The global governance structures seen in the world today are the products of a long trajectory shaped by historical failures and successes alike. The ideal of political cooperation among global actors in response to shared problems is not a new idea, but has only been embodied by concrete institutions in the last century. Attempts at global governance have always faced the hurdle of being tasked with solving humanity’s most pressing and enduring challenges while respecting the circumstances of individual nation states. While most people recognize the need for national legislative bodies to enact laws, executives to implement them and to run the government, judiciaries endowed with the power to interpret the law when needed, central banks to issue currency, and police forces to guarantee the safety of citizens, there is significant debate concerning the extent to which the same structures should exist at the supranational level.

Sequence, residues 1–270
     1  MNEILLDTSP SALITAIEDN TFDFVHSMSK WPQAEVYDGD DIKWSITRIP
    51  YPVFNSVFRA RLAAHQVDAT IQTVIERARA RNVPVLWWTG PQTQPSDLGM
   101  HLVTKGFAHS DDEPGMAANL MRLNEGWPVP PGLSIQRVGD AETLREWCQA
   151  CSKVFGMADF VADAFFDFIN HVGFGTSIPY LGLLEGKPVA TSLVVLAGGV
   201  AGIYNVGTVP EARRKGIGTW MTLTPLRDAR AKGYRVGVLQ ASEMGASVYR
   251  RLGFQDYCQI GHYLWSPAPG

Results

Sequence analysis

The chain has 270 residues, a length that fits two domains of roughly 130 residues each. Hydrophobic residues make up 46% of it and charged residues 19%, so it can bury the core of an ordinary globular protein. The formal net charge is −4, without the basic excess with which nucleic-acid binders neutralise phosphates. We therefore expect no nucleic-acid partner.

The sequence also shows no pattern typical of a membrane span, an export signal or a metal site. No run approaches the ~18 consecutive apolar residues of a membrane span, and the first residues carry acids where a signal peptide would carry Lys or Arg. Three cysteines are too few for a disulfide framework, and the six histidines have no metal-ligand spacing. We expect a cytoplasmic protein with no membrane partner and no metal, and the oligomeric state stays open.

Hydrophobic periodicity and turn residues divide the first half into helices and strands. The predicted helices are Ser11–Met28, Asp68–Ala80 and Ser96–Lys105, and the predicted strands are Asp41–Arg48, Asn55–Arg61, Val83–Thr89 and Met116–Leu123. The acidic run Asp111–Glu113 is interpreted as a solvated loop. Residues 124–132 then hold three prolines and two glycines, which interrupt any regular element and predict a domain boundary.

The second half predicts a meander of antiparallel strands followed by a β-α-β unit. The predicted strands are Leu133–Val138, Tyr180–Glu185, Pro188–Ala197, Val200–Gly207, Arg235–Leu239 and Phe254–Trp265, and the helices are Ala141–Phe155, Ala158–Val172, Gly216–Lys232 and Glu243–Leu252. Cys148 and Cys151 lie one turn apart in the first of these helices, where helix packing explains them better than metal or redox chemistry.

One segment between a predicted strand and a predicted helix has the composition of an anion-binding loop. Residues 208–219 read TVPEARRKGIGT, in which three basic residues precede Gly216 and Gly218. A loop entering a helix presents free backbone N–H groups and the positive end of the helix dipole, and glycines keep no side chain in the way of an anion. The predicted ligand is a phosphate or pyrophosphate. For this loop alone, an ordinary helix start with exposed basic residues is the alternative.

The unleashed power of the atom has changed everything save our modes of thinking, and thus we drift toward unparalleled catastrophe.
— Albert Einstein, 1946
The concepts essential to global governance have been illumined throughout history. They are foundational to the ideas proposed by the Forum. We want to recognize some of the visionaries that have inspired our work.
View some of the original texts that have shaped the course of governance as we know it today.